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The concept of “sanctuary” congregations has many definitions and applications. In the 1980s, Reform Movement congregations provided sanctuary primarily to central Americans at risk of deportation. As the Union for Reform Judaism stated in a 1985 resolution:
We are instructed in the Holiness Code (Lev. 19:33) to take to heart the lessons of our own history by treating aliens in our midst with justice and compassion. "When a stranger sojourns with you in your land, you shall do him no wrong. The stranger who sojourns with you shall be to you as the native among you, and you shall love him as yourself for you were strangers in the land of Egypt." Judaism affirms the supreme value of human life and the equal dignity of every human being. The prophets of Israel bade us to pursue justice, seek peace, and build a society of loving-kindness among all of God's creatures…
Thousands of men, women, and children are fleeing oppressing, torture, and murder and are seeking a haven in the United States and Canada… In response to this situation, hundreds of churches and synagogues have offered "sanctuary" to Central Americans fleeing violence and oppression. The concept of "sanctuary" embodies various actions, including legal assistance, material support, financial support, public advocacy and education, and/or temporary physical shelter.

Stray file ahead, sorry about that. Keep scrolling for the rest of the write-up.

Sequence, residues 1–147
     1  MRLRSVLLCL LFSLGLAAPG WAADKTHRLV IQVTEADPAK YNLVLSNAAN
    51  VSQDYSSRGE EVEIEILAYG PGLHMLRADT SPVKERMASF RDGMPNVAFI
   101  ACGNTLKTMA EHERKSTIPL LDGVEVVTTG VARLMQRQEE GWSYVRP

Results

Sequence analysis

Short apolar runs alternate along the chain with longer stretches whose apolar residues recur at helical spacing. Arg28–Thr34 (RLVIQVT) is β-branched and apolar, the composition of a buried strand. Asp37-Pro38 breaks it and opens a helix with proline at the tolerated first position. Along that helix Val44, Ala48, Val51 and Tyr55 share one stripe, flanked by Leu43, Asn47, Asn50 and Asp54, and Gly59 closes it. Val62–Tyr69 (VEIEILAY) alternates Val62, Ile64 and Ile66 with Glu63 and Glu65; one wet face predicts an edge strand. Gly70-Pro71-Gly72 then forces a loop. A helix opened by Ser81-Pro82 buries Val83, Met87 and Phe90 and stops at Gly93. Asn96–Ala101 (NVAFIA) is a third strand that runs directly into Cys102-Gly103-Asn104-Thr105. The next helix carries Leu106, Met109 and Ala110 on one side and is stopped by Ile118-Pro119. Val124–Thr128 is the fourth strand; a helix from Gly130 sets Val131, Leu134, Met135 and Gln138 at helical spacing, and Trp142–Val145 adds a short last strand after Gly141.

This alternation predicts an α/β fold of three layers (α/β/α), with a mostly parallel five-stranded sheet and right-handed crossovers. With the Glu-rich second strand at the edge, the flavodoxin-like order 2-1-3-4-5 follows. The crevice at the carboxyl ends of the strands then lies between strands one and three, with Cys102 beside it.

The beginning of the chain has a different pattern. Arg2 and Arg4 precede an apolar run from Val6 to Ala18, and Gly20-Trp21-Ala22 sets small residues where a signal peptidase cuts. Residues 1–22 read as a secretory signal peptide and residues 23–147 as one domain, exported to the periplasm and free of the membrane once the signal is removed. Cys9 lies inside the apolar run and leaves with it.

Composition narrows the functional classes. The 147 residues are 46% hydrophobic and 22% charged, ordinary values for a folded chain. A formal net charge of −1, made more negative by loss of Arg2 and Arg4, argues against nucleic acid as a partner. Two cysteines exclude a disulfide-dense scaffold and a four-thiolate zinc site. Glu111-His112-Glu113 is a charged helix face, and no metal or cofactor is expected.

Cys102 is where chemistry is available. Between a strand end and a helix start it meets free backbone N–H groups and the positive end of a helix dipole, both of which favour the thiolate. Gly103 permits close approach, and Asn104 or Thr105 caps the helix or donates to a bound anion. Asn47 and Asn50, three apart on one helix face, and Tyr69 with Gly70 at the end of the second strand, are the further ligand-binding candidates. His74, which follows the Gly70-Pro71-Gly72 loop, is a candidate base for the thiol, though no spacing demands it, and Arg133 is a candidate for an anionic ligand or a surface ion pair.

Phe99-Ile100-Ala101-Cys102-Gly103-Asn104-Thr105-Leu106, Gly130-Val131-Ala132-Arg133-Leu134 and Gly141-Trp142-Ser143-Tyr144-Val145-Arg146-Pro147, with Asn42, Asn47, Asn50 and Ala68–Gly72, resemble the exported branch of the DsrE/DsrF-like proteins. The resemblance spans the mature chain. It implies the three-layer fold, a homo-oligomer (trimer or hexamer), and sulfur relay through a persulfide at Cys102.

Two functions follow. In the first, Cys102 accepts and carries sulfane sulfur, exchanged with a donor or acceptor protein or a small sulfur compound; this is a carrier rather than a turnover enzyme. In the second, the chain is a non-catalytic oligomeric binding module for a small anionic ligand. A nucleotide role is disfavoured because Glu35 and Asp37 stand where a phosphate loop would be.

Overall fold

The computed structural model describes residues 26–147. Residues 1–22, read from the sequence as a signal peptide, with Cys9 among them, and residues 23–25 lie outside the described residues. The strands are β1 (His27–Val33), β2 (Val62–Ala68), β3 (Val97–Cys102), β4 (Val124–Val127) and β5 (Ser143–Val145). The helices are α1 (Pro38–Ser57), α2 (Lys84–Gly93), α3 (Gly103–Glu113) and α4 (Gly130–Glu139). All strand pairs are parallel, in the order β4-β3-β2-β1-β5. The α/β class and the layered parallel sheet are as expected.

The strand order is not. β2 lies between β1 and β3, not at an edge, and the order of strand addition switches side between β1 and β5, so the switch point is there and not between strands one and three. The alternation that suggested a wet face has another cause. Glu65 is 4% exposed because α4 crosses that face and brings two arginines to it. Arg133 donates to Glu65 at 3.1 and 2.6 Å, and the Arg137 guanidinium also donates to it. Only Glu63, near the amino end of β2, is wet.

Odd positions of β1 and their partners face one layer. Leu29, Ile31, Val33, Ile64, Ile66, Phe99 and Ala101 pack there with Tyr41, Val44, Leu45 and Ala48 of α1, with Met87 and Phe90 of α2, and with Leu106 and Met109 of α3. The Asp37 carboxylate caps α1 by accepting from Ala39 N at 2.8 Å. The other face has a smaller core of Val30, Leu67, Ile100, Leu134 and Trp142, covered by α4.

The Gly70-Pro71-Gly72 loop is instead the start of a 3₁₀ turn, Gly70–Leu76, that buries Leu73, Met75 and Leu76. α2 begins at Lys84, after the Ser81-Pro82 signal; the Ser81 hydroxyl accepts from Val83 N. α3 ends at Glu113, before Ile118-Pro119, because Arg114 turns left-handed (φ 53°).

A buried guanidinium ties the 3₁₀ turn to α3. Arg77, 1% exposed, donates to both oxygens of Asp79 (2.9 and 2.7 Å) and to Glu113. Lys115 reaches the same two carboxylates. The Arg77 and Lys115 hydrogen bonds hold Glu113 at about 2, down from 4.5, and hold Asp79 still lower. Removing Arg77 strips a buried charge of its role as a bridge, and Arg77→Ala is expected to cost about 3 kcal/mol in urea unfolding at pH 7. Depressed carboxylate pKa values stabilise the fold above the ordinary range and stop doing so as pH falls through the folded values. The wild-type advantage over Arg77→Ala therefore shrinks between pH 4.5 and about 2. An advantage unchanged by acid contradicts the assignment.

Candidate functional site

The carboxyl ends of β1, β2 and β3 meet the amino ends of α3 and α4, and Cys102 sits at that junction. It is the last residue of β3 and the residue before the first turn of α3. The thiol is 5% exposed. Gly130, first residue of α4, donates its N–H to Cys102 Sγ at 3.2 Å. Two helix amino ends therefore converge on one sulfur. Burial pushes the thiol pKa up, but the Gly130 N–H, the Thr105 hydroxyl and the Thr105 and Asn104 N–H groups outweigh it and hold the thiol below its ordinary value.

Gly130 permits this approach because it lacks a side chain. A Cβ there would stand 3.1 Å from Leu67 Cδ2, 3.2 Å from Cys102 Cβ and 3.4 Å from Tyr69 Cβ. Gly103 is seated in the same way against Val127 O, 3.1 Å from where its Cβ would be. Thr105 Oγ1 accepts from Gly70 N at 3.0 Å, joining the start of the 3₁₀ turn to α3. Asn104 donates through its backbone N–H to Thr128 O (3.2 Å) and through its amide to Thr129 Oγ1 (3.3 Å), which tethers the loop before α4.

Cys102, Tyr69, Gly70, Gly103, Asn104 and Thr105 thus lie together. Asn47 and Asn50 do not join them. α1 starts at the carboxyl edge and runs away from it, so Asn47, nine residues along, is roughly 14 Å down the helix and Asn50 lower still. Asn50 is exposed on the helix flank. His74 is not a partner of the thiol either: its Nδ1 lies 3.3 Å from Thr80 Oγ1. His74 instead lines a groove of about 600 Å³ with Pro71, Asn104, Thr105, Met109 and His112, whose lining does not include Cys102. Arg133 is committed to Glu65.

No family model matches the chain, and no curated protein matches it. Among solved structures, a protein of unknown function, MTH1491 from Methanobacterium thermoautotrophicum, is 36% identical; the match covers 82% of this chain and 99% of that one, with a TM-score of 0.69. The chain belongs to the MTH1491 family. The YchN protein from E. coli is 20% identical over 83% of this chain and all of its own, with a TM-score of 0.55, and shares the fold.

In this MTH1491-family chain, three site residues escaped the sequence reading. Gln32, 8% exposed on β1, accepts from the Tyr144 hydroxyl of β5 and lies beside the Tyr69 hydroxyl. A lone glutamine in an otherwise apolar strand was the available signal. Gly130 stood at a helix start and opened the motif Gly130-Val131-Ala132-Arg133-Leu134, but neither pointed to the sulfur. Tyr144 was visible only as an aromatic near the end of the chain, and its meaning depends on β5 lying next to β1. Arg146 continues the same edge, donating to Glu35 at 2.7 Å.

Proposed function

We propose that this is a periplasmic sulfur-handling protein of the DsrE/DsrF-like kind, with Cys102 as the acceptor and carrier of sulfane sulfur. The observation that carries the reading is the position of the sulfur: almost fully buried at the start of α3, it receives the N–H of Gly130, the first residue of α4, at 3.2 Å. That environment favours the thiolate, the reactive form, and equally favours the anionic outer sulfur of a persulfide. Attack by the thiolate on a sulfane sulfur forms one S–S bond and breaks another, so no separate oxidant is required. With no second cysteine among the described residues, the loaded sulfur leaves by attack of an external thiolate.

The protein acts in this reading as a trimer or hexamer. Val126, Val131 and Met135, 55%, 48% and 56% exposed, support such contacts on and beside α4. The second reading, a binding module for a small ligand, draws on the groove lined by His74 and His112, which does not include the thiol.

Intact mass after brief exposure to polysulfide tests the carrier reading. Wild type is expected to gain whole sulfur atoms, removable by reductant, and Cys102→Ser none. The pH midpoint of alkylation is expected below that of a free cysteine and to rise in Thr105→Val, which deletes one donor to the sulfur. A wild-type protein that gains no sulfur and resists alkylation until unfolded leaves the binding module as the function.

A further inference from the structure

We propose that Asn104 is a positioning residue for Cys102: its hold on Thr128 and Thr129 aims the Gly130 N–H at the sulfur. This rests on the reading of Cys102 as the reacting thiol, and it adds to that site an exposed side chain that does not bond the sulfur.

Though many of the underlying issues then and now remain the same, today we are facing different challenges, and the applicable laws in each state also differ. Congregations that seek to declare themselves places of sanctuary should do so in consultation with their counsel and in awareness of local and state laws concerning immigration and the role of law enforcement. It is also best to coordinate with local immigrant advocacy and resettlement groups like HIAS, LIRS and others.
Several national organizations have resources on providing sanctuary: